Olympian brainstorm no. 2: typing as ascetic practice

by | Jun 29, 2012 | Uncategorized | 8 comments

Here’s the second brainstorm that developed on my Olympia SF this Wednesday.

These “brainstorms” are explorations of an idea. The idea isn’t necessarily something I believe, and it certainly isn’t necessarily true, but I want to see where it goes. The typewriter helps by keeping me moving forward: no editing, no take-backs. (In contrast, this word-processed paragraph has gone through several fussy revisions.) So the idea gets blurted out and developed. Self-criticism can wait for another day.


  1. Anonymous

    You seriously wrote that without going through a dozen drafts? Oh, my, I'd have had to rewrite that several dozen times just to form the initial thoughts.

    That was eloquently written; even poetic.

  2. notagain

    Well, streamlines, he *is* a pro.
    But I, too, am always impressed with these posts.
    The reference to "face" got me thinking, though. Being ugly and not really liking the sound of my own voice either, I'm much more comfortable writing my thoughts than expressing them in person. I also thought about advertising, where the words are written and polished and spoken by the beautiful with perfect voices. I don't really trust spoken words either.

  3. Anonymous

    I agree. My own preference for writing over speech is probably due to the fact that I have to give something a lot of thought before offering a cogent comment or response. I seem to be slow at comprehension, which is why I read so slowly. I do, however, eventually come around. I'm sort of like an intellectual iceberg; slow but inexorable.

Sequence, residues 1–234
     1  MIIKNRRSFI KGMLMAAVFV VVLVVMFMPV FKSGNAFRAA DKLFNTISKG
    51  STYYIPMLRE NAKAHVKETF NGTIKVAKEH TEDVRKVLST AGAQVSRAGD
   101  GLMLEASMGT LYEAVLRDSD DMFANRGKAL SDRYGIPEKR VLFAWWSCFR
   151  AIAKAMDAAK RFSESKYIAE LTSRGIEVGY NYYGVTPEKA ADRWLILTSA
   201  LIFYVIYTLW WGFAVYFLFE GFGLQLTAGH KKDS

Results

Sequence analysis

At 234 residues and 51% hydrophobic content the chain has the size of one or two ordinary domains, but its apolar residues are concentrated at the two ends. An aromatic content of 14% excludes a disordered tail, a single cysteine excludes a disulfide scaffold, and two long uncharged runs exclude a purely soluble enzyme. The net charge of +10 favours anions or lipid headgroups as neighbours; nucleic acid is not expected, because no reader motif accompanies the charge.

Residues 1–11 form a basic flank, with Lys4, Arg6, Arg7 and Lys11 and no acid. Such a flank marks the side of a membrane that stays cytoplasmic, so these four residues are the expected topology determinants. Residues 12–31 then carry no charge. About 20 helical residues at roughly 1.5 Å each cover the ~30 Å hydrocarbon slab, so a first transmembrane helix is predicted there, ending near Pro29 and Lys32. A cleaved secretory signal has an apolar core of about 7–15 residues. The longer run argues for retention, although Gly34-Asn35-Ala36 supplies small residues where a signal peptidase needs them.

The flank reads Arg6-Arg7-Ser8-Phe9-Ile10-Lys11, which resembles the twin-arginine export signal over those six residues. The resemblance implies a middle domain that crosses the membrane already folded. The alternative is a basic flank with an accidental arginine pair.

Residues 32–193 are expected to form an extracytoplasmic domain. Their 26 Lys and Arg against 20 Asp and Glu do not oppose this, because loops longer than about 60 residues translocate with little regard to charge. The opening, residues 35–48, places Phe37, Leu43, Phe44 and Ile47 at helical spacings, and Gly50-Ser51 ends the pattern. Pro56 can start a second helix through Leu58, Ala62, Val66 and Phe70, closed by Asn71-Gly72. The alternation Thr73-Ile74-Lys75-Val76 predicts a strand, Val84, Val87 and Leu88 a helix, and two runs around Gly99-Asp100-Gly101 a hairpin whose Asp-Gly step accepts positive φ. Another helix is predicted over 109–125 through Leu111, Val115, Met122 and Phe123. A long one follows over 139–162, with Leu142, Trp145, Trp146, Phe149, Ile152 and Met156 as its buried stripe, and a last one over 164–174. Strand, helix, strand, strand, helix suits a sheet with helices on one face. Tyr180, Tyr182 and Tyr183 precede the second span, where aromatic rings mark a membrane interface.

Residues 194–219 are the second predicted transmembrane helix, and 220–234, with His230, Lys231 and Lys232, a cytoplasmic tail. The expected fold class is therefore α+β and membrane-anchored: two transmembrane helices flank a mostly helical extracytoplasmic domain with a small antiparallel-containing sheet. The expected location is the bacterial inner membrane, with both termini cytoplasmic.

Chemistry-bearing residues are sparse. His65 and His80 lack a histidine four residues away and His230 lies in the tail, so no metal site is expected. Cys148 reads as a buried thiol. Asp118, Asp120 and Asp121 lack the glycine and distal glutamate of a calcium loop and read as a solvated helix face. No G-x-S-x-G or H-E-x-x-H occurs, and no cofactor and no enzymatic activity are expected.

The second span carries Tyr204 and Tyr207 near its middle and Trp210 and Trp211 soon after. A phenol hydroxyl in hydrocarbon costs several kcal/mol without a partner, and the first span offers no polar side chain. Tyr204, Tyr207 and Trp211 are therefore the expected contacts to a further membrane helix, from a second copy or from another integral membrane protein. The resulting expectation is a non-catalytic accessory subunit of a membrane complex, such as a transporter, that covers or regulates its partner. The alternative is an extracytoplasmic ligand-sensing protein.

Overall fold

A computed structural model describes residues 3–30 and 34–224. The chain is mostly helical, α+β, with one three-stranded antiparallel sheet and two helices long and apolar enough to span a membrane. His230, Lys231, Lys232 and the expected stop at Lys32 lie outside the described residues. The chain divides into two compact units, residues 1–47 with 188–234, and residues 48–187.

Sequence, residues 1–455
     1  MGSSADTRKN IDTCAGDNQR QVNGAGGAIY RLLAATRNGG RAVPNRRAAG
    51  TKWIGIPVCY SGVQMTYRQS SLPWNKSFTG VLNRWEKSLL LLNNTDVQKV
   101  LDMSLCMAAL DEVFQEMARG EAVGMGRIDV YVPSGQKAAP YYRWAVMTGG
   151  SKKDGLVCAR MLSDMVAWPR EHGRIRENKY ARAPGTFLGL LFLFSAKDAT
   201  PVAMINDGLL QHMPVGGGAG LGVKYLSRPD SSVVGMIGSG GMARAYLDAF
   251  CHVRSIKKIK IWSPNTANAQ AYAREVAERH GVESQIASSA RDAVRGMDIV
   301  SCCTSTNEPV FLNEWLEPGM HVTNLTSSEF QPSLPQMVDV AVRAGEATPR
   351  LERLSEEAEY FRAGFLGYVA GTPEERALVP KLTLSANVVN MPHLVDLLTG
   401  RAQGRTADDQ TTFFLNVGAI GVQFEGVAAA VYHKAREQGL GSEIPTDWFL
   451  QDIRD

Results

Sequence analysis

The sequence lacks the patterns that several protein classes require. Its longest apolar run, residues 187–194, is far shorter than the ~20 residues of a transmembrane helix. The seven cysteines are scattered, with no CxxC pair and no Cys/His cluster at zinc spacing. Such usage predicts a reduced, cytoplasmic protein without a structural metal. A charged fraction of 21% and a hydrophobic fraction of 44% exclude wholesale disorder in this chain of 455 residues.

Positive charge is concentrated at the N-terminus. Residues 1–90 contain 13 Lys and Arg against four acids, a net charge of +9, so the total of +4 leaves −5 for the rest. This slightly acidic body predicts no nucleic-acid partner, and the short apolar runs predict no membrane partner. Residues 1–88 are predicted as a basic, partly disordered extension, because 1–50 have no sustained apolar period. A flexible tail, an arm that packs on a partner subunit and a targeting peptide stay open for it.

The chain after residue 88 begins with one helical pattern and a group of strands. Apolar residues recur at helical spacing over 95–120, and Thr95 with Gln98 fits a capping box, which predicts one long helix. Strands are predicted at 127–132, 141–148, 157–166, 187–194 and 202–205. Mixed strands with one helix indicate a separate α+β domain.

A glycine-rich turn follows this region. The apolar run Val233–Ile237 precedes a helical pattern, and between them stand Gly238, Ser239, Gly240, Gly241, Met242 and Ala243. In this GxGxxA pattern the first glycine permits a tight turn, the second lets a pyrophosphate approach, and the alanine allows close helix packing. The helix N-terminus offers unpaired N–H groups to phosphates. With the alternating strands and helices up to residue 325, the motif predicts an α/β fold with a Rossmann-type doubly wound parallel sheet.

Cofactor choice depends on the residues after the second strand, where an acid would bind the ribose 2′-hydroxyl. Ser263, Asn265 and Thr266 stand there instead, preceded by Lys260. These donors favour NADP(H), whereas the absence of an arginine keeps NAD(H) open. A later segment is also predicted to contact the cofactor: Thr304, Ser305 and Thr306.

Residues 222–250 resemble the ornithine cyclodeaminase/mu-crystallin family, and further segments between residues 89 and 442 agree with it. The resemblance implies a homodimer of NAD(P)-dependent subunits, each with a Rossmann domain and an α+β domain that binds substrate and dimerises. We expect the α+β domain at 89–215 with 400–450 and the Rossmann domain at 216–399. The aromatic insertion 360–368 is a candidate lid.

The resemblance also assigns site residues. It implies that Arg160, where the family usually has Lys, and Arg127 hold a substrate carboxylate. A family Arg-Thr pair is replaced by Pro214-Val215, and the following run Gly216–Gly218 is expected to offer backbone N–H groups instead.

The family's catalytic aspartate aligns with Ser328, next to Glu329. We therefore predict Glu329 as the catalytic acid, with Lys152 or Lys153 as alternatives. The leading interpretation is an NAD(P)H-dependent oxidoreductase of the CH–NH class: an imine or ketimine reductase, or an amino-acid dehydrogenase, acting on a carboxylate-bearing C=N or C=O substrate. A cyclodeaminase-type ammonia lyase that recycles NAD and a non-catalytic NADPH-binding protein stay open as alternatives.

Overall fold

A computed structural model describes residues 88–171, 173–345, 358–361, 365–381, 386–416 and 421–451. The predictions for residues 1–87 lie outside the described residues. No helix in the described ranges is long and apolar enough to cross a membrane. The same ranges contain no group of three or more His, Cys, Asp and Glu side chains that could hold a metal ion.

But I certainly can't do what Richard just did. And I'm not referring to his perfect typing. Typing skills aside, he's got quite a talent, being able to express himself so well on the first take. It's also not just a matter of being verbose or loquacious. Many tend to have diarrhea of the words without either substance or style, and they certainly aren't as poetic as Richard's post.

  4. Scott K

    Excellent post, and you have hit on an element in modern society that we are increasingly struggling with. While we sent out thousands emails, texts, online updates and postings every day, we have struggled to convey emotion and communicate effectively in a world that has become so impatient and unwilling to take the time to learn how to express ourselves effectively.

  5. Anonymous

    "Some people have a way with words and other people…uhhh…have not way, I guess."
    – Steve Martin

  6. rn

    Richard. Your insightful post got me thinking: through their analog astringency, typewriters become transparent objects. They are what they are. You can see the mechanism work. You can watch the letters appear on the paper. In our increasingly secretive and suspicious society, the mere sound of them creates a kind of bond between strangers. My partner, Andrea Haenggi, and I were at the Scottish Parliament in Edinburgh last week, and found that our typewriters enabled us to create a community in the moment with folks we didn't know. See: bit.ly/Mz1qg5

  7. Richard P

    Very interesting. Typewriters do seem to elude the computer dynamic of secrecy-plus-surveillance (the constantly escalating war between encryption and decryption, which dates back to early computer science and WWII). A typewriter is, in a sense, an open and honest machine, yet it keeps your writing private when you want it to.

  8. deek

    I certainly feel, as I am working out a story in my head, that I start chipping away at my marble slab when I take to writing it down. Its painful as the words have a lot fewer meanings then the raw idea. Some words, sentences and paragraphs can be rewritten, but the form, the meaning sometimes get set in, well, stone.

    Its ironic, to me at least, as you start drafting a story, you are in essence removing the vast majority of options you may still be living in your head…

    Thanks for catalyzing some thought on this late Friday afternoon.


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